How do you get freelance work?

You may think that freelance work involves spending your time schlubbing around in a pair of novelty slippers, lazily working for a few minutes, before catching up on the rest of Loose Women. Um…not quite. In order to be successful, freelancers have to work incredibly hard; not only on the projects they undertake, but on networking and developing new business opportunities.

Essentially, freelance work involves working for someone for a fixed period or on a particular project. Freelancers sell their skills and their time and are often paid a fixed price for a particular project or by the hour. The main industries that have a high demand for freelance work are design, journalism, publishing, management consulting, business administration and I.T.

First things first, it’s pretty unrealistic to expect to make a successful living solely out of freelance work without building up a reputation beforehand. You might want to start freelancing part-time or in your spare time until you have built up a list of contacts and established a reputation.

Dinah Hall, a freelance journalist who has written for a number of magazines and newspapers, including the Guardian and The Times, worked on magazines for 12 years before going freelance. She recommends getting a staff job first so that you can build up contacts. After all, she says, “the people who were editorial assistants with you may well go on to become commissioning editors in five years’ time, so befriend the ambitious ones!”

Freelance work is about selling your skills. You need to make sure there is a market for your freelance work. You should have expertise in an industry and identify a corner of the market in need of your skills. Dinah argues that having a specialism is vital. She built up a reputation as a “somewhat waspish design writer, specialising in contemporary homes” and so the majority of her commissions come from design magazines or design sections of newspapers.

What makes a good freelancer?

You need to be a good communicator, able to forge relationships with people quickly and good at building relationships with clients. You should build up a database of potential clients to poke every few months. Using LinkedIn and Twitter as networking tools can be invaluable for maintaining and creating contacts. Reliability is another key attribute to have, as you will need to be able to keep to deadlines.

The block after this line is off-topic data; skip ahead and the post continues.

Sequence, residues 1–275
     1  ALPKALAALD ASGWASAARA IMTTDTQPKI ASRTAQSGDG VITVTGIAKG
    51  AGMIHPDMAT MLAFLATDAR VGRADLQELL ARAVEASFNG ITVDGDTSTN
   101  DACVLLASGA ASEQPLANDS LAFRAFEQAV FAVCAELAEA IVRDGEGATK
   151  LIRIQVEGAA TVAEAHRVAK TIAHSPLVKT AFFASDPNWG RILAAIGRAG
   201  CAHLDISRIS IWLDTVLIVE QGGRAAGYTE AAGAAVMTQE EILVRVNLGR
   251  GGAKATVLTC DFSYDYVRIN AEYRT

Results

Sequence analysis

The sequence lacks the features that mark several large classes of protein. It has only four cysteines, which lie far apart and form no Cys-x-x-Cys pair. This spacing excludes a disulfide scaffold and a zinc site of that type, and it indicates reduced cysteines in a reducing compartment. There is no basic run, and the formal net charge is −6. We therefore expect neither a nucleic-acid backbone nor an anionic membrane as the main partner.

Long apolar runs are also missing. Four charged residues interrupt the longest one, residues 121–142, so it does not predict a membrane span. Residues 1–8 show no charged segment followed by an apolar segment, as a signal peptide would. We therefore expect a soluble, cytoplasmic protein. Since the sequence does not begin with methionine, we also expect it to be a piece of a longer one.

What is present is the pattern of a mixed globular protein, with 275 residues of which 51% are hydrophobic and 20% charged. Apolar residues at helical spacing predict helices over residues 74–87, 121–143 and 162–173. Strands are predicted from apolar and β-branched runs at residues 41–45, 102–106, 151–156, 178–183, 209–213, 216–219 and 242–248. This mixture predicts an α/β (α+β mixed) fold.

You need to be keen on improving your skills, constantly training and adapting to industry changes. Furthermore, a successful freelancer looks for their own work rather than just letting agencies look on their behalf. Dinah sums it up neatly, “you’ll need to be proactive and outgoing to build up a new network of contacts, so that when the people you know drop dead/retire/have babies your commissions don’t dry up.”

Above all, you need to have an inhuman amount of self-motivation. Can you work by yourself or at home without getting too distracted? Be warned! The most mundane things will suddenly become fascinating. Defrosting the freezer, what fun! Becoming a freelancer is essentially like setting up your own business, so you’ll need huge reserves of dedication and motivation.

The pros & cons of freelance work…

Inevitably, becoming a freelancer means you will become a bit of a lone ranger as you move from office to office and from project to project. But this is balanced with the freedom to be your own boss. You alone will be able to decide where and when to work. Forget nine-to-five and commuting doldrums, your working life will be full of variety and you can choose when you want to go on holiday.

With that comes less job security. Dinah points out that “if a steady and secure income is vital, then do something else.” You’ll be subject to irregular income and work-flow, and miss out on those employment benefits (no holiday pay, sickness pay etc.). You’ll have to basically run your own business and manage your own taxes and finances (or stomach the extra cost of hiring an accountant). Freelancers often struggle to maintain a balance between home and work, letting one disrupt the other.

However, if you can handle the pitfalls of freelance work, then it’s definitely an exciting, rewarding and altogether different career path to consider.

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